“I know,” said Robin, “and so do they.”

Alan returned to the water to raise Artemisia from her hiding place. Robin logged on to her computer to search relevant blogs.

After an hour, she found what she did not want to find. The most credible of the UFO sites reported a rumor that the object striking the sea had not been a meteorite, but some sort of alien craft.

Alan watched over her shoulder as Robin checked other blogs. “This story may spread,” she said.

Alan tried to be reassuring. “It won’t have much credibility.”

“Should we go to the media, tell the real story ourselves?”

“They won’t believe us, unless they see Artemesia with their own eyes.”

“We could give them the video.”

“A mysterious fuzzy light on a dark background? The media have been there before.”

“We can’t keep this to ourselves forever. We don’t have the resources to deal with Artemisia.”

Alan nodded. “At some point, we have to inform the right people.”

“And who might they be?”

“Would scientists do the right thing if they knew?”

Robin spoke sharply. “I wouldn’t count on that. Some of them think they know what’s best for the rest of us.”

Alan tried to step back from his feelings. “We don’t own Artemisia.”

“No one should.”

They stared at the screen as if that would help. The computer offered no wisdom.

“What should we do?” asked Robin. “What should we do?”


Now, dear reader, it’s your turn to suggest the next events in this story. How should it end? What should the discoverers do? Feel free to write an ending of 1000 words or less.

Copyright Michael A.G. Michaud 2007


Titan’s Atmosphere Under Scrutiny

Of all the probe targets in the outer Solar System, Titan is in many ways the most provocative. Not long ago we looked at two concepts — Titan Mare Explorer (TiME) and AVIATR — that would get instruments back into Titan’s atmosphere and, in the case of TiME, onto one of its northern seas. The allure of this moon is surely what goes on in that atmosphere, a nitrogen brew mixed with methane that generates complex hydrocarbons. We’re learning how these fall on the surface to form patterns of dunes made up of organic material, all of this mediated by a weather cycle that involves seasonal change the Cassini spacecraft has strikingly recorded.

Kathleen Mandt (Southwest Research Institute) has been studying methane in Titan’s atmosphere over time using data both from Cassini and the European Space Agency’s Huygens probe (digression: can it really be seven years since Huygens parachuted down through those orange skies? Good grief…) Mandt’s team is looking at heavy methane — methane that incorporates a carbon-13 atom in place of the more common carbon-12. Heavier methane undergoes chemical reactions at a slower rate, giving scientists a tool for measuring change in Titan’s atmosphere.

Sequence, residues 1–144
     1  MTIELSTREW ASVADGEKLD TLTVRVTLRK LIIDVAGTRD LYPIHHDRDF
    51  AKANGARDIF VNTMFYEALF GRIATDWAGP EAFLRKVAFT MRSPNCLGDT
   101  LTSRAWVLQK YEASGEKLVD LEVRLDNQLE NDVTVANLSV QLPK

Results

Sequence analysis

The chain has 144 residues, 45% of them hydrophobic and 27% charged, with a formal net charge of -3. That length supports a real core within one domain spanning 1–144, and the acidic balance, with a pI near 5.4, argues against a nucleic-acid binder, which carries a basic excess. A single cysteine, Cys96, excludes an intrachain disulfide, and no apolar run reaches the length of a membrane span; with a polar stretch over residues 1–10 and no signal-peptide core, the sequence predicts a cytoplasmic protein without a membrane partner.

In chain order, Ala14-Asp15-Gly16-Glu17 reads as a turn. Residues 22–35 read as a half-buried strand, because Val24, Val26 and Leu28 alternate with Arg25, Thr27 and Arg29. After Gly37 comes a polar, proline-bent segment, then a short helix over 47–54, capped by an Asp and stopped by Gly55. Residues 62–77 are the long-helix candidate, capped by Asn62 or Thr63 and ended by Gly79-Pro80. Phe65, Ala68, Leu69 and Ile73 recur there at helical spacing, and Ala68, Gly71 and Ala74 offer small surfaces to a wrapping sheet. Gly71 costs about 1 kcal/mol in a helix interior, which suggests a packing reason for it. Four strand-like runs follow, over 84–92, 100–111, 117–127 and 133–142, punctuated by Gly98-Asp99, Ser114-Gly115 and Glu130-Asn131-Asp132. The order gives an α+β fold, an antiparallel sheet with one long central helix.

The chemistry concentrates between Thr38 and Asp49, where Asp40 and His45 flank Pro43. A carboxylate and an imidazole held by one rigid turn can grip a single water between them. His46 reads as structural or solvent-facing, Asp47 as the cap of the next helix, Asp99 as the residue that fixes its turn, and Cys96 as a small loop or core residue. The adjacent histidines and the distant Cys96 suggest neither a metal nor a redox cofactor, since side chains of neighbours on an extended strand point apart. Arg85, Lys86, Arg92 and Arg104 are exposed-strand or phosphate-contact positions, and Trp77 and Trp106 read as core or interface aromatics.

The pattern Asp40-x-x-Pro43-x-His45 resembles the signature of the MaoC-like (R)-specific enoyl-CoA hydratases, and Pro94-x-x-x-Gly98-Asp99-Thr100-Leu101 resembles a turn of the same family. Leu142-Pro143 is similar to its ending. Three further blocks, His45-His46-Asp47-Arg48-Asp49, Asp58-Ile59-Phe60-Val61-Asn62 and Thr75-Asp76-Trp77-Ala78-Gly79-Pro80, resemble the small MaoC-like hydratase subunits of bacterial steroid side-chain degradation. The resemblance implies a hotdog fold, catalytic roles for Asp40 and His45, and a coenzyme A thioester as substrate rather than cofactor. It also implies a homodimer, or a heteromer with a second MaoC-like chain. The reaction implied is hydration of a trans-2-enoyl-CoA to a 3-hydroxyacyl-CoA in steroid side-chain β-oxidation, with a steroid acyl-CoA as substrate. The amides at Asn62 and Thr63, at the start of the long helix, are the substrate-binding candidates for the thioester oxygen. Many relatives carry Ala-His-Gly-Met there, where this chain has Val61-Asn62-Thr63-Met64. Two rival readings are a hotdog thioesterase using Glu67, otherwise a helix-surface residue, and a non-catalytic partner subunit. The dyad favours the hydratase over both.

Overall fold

Says Mandt:

“Methane’s role on Titan is much like the role of water in the Earth’s climate. First, methane and water are the dominant greenhouse gases on Titan and Earth, respectively, increasing surface temperatures. Second, methane rain falls on the surface of Titan much like water does on Earth. Because Titan is the only other known body with a hydrologic cycle similar to our own, understanding how long methane has been present in Titan’s atmosphere is important for making sense of this unique environment that is so different, yet so much like, our own world.”

Image: This false color composite of Titan, taken during a 2005 Cassini spacecraft flyby, shows both surface features (green) as well as areas high in Titan’s stratosphere where atmospheric methane is absorbing sunlight (red). Southwest Research Institute scientists authored a paper in the Astrophysical Journal, using data from Cassini to predict the age of Titan’s current nitrogen-methane atmosphere. Credit: NASA/JPL/Space Science Institute.

The new work uses data from Cassini’s Ion and Neutral Mass Spectrometer and weighs them against data measured on Titan’s surface by the Huygens Gas Chromatograph Mass Spectrometer. Out of that comes an intriguing read on the atmosphere’s age. Methane should have a short life because it is broken down by sunlight and converted to more complex molecules. But even if methane is being replenished from the interior to match what is happening in the atmosphere, the team finds the current nitrogen-methane atmosphere could be no more than one billion years old. Anything older would have produced a larger methane concentration in both the surface lakes and the atmosphere.

Titan’s smoggy atmosphere, a factory for hydrocarbons, must have formed long after the moon itself. Mandt’s work appears in counterpoint with a paper by Conor Nixon (University of Maryland) and team that uses Cassini data (from its composite infrared spectrometer) to estimate the amount of heavy methane in Titan’s atmosphere. While both papers appeared in the same issue of The Astrophysical Journal, they are able to constrain the age of Titan’s chemistry to different degrees, although the two are in agreement that the methane atmosphere formed long after the moon: